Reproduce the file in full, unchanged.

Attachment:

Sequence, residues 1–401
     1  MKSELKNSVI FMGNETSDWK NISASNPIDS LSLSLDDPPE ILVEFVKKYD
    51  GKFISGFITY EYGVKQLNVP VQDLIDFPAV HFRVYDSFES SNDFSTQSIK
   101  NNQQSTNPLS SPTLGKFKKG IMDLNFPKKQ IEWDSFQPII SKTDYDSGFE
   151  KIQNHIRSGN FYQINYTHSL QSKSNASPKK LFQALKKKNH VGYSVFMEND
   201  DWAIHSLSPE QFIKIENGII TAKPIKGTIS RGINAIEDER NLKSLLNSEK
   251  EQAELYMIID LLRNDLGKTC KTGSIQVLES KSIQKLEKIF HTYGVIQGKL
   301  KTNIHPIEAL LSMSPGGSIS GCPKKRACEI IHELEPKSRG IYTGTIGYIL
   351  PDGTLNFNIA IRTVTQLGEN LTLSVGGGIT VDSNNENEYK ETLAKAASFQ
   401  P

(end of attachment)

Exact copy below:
Sequence, residues 1–401
     1  MKSELKNSVI FMGNETSDWK NISASNPIDS LSLSLDDPPE ILVEFVKKYD
    51  GKFISGFITY EYGVKQLNVP VQDLIDFPAV HFRVYDSFES SNDFSTQSIK
   101  NNQQSTNPLS SPTLGKFKKG IMDLNFPKKQ IEWDSFQPII SKTDYDSGFE
   151  KIQNHIRSGN FYQINYTHSL QSKSNASPKK LFQALKKKNH VGYSVFMEND
   201  DWAIHSLSPE QFIKIENGII TAKPIKGTIS RGINAIEDER NLKSLLNSEK
   251  EQAELYMIID LLRNDLGKTC KTGSIQVLES KSIQKLEKIF HTYGVIQGKL
   301  KTNIHPIEAL LSMSPGGSIS GCPKKRACEI IHELEPKSRG IYTGTIGYIL
   351  PDGTLNFNIA IRTVTQLGEN LTLSVGGGIT VDSNNENEYK ETLAKAASFQ
   401  P